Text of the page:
Royston group’s skydive for Addenbrooke’s Hospital and cancer charity

Back row L-R, John Eustace, Brenda Howe and Paul Haynes. Front row L-R, Teresa Eustace and Rachael H

Back row L-R, John Eustace, Brenda Howe and Paul Haynes. Front row L-R, Teresa Eustace and Rachael Haynes. - Credit: Archant

Two Royston husbands are to take on a charity skydive to raise funds for Addenbrooke’s Hospital in Cambridge, where their wives were given life-saving treatment for cancer.

John Eustace and Paul Haynes are to fall 15,000 feet out of a plane on Saturday next week to raise vital funds - with the idea thought up while the pair were in the pub.

John, 51, told the Crow: "I wanted to give something back. In Royston we are very, very lucky to have Addenbrooke's on our doorstep.

"We have done cycling fundraisers before, so this time we wanted to do something that would scare the life out of us. I'm not looking forward to it, I'd rather not jump out of a plane - but that's why I am doing it."

John's wife Teresa has undergone gruelling treatment for metastatic throat cancer at Addenbrooke's, while Paul's wife Rachel was also treated for endometrial cancer there.

Teresa started her treatment a year ago, and couldn't eat for eight to 10 weeks because the radiotherapy burned the inside of her throat. She's lost 4½ stone and is still feeling the effects.

John and Paul also sadly lost a colleague - Michelle Watling, from Buntingford - to the disease last month, and John said this has given them "added inspiration". They will include Michelle's name on their shirts in her honour.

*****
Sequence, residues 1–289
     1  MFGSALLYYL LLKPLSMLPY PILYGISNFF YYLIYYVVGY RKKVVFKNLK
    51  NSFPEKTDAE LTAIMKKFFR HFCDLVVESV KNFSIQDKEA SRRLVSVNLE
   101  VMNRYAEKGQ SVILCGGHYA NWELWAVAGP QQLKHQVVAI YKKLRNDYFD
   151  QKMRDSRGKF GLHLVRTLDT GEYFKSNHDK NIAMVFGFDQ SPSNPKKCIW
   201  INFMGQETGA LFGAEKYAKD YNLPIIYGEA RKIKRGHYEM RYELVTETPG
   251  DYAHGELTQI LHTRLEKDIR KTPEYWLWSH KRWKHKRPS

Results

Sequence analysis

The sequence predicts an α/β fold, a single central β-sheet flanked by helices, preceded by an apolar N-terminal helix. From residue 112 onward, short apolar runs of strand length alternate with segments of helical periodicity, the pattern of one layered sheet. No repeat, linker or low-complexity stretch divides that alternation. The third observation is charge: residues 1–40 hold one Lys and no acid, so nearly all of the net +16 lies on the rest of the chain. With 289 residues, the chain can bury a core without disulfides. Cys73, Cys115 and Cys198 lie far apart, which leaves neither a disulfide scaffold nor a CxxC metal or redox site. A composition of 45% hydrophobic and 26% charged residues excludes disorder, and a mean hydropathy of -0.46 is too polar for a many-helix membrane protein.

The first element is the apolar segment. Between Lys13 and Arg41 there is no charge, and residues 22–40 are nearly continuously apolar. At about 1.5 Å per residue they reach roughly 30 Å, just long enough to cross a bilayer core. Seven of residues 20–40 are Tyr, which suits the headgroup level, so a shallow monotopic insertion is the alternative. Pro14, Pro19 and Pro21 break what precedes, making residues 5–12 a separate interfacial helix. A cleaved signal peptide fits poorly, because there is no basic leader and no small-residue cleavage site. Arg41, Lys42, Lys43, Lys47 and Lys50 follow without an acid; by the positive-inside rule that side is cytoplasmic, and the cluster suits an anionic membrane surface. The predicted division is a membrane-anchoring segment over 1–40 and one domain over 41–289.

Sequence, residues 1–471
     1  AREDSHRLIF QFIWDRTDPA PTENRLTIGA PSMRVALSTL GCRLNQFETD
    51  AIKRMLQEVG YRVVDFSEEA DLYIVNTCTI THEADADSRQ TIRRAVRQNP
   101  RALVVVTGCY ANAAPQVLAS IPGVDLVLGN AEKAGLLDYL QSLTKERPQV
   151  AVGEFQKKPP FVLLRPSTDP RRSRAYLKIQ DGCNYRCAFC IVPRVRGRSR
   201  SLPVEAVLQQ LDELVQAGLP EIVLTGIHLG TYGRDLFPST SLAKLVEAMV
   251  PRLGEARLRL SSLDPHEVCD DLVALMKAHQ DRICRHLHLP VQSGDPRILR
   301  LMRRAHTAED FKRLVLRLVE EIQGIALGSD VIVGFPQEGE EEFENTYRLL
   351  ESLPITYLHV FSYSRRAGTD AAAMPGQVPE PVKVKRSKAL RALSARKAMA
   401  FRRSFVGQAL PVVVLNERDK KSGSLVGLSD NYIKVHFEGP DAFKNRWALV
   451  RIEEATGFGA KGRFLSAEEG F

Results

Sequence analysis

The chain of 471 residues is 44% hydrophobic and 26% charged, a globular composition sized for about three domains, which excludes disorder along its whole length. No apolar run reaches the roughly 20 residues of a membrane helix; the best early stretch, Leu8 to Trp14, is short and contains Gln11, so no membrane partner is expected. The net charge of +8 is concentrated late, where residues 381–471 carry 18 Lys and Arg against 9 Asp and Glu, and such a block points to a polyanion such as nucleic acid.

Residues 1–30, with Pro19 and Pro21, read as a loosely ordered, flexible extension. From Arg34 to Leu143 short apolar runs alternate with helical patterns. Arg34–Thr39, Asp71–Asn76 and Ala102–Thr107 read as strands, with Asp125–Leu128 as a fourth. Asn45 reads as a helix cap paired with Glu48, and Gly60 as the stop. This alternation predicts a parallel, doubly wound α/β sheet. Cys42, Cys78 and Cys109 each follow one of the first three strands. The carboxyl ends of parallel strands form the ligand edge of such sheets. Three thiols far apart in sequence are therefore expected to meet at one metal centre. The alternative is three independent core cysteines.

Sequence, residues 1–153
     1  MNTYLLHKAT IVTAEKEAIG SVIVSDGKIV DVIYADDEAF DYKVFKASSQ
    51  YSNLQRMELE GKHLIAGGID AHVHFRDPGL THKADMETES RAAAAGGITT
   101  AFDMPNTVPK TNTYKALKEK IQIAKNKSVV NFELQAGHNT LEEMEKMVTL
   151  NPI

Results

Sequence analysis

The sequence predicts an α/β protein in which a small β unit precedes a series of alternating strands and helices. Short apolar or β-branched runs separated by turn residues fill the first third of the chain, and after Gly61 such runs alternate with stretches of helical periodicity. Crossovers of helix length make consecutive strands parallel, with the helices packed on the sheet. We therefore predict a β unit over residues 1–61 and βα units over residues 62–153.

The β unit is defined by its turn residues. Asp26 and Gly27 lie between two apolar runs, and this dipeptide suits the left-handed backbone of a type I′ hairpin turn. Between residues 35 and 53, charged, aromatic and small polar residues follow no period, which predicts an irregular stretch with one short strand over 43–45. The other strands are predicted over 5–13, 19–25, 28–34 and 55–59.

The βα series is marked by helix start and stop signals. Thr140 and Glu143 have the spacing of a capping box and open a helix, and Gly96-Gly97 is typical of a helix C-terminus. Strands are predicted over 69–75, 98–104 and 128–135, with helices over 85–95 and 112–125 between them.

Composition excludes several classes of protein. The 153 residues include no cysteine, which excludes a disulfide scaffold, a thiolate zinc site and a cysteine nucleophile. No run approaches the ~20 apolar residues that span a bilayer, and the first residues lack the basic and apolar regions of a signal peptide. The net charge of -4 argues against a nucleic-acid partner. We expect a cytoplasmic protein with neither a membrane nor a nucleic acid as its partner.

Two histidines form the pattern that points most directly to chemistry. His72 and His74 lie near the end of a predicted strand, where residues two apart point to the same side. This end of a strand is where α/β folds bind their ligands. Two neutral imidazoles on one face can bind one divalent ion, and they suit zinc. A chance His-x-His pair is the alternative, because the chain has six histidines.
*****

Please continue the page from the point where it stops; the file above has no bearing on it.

Most Read

John - who is a lorry driver for Sainsbury's - and Paul will be joined in their fundraising challenge by Julian Barber, and Brenda Howe - from Royston - who is raising money for a prostate cancer charity.

Brenda said: "The money we raise will radically help in diagnosis treatment prevention and support with this we can stop prostate cancer from being a killer.

"My father-in-law was diagnosed three years ago and unfortunately the cancer has spread to his bones, so all we can do is managed it and him the best we can because like many men he didn't like going to the GP. We need to make men more aware of the symptoms and let them know it's only natural to talk about what was once called a 'taboo subject'."

John added: "We have raised more than £1,000, but want to double that. I can't wait to have that cheque to present to the hospital."

For the Addenbrooke's fundraising page go to and for the prostate cancer page go to